1. Chuck Kutscher says:

    This issue of connecting climate change to the frequency of extreme weather events is an important one, because if a link can clearly be made then the cost (both in dollars and lives) can be estimated and compared to the cost of mitigation. It is true that with today’s 24-hour international news cycle, weather events receive much greater coverage than they did in years past. (And this coverage is a significant income generator for the news media, which creates a positive feedback.) Also, the increase in population, especially along seacoasts and in other vulnerable areas, increases the likelihood of weather-related human suffering. But a good statistical analysis should be able to separate out these factors and determine to some defined confidence level the extent to which the frequency and severity of extreme weather events actually represents a new “normal.” Perhaps other commenters can cite an example of such a study having been done. If not, one is sorely needed.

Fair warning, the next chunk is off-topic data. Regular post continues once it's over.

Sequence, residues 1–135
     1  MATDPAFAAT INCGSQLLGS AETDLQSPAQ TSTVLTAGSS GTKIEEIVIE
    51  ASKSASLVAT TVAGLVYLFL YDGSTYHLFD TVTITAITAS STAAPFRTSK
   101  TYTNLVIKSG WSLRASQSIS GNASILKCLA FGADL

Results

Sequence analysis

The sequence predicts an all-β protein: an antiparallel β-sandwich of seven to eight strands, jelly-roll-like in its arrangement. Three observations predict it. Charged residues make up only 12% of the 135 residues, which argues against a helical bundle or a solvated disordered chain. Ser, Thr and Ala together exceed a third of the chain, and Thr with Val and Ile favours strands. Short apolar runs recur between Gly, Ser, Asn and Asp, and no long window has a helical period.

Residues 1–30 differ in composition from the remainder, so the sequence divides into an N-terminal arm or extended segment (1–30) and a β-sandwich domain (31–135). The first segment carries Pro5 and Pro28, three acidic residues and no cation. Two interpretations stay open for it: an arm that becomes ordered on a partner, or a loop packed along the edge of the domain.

2. grypo says:

    “Is it possible that a few years from now, climate reporters might be weighing similar questions about how better they might have covered climate?”

    It may be the case in tornadoes, but as far as more energetic (but less frequent) and wet hurricanes, likely not, depending on the chaotic nature of their tracks. And certainly not likely in the case of very wet El Nino years and dry La Nina years. These will very likely increase as well. The coverage at Climate Central that has been discussing the influence of the combination between increased surface temperature and the natural energy flow and it’s consequences has been outstanding. I believe it’s Freedman doing this.

    In the paper of Pakistan/Russia, it is also noted that the frequency of these events is likely to increase to significant degree, so if media coverage gets places to adapt to worsening conditions, then I doubt this will be similar to Iraq War failures. There has also been significant rains in Pakistan again this year.